Pythagoras Essay

This essay has a total of 861 words and 4 pages.

Pythagoras




Pythagoras
Pythagoras must have been one of the world's greatest men. However, he wrote nothing and
it is unknown how much of the doctrine of Pythagoras is due to the founder of society and
how much is later development. Sometimes he is represented as a man of science, a
mathematician, and even as a preacher of mystical doctrines. None of these traditional
views, however, should be rejected, for he contributed his genius in each field.

Pythagoras lived from about 569 BC to about 475 BC. His father was Mnesarchus, a merchant
from Tyre; his mother was Pythais, a native of Samos. Pythagoras spent most of his early
years in Samos but traveled with his father. He was taught by the Chaldeans and the
learned men of Syria. Among his teachers, there were three philosophers who influenced
Pythagoras while he was a young man, Pherekydes, Thales, and Aleximander. They influenced
Pythagoras' interest in geometry and cosmology, encouraging him to pursue his studies in
Egypt. In 535 BC, Pythagoras went to Egypt where he visited many temples and took part in
many discussions with priests. Then, after his journeys to Samos and Crete, Pythagoras
founded a philosophical and religious school in Crotona. He was the head of the society
with an inner circle of followers known as mathematikoi.

Pythagoras influenced a group of early Greek scientific and religious thinkers, the
Pythagoreans. They believed that the soul was immortal and separable from the body.
Because they believed that the soul was reincarnated in different animal bodies, they
practiced vegetarianism. The group was almost cult-like in that it had symbols, rituals
and prayers. In addition, Pythagoras believed that "Number rules the universe," and the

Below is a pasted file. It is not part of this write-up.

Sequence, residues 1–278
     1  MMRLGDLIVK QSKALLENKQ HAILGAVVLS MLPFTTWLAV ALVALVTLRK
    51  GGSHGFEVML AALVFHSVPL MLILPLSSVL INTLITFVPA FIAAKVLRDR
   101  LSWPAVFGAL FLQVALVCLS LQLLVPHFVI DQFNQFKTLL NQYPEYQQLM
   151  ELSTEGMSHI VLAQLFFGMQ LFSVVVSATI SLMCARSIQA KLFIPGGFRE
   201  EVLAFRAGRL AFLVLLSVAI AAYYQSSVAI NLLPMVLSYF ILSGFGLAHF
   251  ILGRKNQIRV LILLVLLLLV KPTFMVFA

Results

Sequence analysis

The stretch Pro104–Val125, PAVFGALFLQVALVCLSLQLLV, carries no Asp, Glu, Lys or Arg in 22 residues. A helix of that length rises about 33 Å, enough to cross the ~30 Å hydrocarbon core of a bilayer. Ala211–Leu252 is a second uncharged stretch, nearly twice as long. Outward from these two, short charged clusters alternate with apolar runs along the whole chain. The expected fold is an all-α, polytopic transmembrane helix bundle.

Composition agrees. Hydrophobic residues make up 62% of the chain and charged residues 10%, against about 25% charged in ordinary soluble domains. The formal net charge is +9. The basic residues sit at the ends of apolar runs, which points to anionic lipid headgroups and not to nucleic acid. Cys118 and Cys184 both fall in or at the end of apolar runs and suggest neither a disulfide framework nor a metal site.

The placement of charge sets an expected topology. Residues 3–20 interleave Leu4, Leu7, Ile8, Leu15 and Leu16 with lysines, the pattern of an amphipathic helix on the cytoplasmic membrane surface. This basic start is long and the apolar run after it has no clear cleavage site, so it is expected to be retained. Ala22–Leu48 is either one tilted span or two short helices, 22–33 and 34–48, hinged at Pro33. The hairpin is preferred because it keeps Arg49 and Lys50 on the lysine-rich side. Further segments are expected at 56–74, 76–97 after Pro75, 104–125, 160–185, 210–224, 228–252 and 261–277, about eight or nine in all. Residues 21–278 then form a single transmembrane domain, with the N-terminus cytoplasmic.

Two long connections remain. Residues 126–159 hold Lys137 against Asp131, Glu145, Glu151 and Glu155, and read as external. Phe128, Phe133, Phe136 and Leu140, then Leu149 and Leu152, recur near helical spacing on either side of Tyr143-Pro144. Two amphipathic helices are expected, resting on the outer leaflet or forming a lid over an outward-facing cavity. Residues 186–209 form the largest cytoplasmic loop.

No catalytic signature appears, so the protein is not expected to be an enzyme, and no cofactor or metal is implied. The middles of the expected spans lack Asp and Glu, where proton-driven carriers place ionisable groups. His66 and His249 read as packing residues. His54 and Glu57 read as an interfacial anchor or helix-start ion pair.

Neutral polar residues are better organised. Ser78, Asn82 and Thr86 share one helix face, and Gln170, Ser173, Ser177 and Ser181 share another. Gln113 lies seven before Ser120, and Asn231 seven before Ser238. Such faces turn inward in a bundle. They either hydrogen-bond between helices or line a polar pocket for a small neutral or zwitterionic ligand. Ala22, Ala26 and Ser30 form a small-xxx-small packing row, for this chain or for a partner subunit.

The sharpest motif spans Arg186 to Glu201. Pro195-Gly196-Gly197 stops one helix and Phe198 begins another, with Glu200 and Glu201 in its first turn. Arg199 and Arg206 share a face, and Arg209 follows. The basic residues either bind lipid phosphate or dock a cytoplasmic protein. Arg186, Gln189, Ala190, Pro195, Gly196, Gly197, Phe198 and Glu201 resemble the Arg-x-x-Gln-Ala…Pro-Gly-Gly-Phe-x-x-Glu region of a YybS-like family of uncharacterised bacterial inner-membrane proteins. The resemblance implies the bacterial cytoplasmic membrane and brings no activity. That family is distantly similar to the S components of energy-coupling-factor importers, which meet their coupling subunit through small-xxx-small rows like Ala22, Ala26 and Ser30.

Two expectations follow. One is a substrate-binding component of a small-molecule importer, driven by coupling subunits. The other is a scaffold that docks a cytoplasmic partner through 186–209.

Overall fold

Pythagoreans gave numerical values to many objects and ideas. These numerical values, in
turn, were endowed with mystical

and spiritual qualities.
The Pythagoreans discovered irrational numbers. If an isosceles right triangle is taken
with legs of measure 1, the hypotenuse will measure square root of 2. However, because
this number cannot be expressed as a length that can be measured with a ruler divided into
fractional parts, it deeply disturbed the Pythagoreans who believed that "All is number."
They called these numbers "alogon," which means "unutterable." So shocked were the
Pythagoreans by these numbers that they put to death a member who dared to mention their
existence to the public. There are a couple of theorems attributed to Pythagoras or
rather, more generally, to the Pythagoras.

I. The sum of the angles of a triangle is equal to two right angles.
II. For a right-angled triangle, the square of the hypotenuse is equal to the sum of the squares on the other two sides.
In ancient times, the Egyptians used their knowledge of the Pythagorean Theorem to
construct right angles. They knotted ropes with units of 3, 4, and 5 knot spaces. Then,
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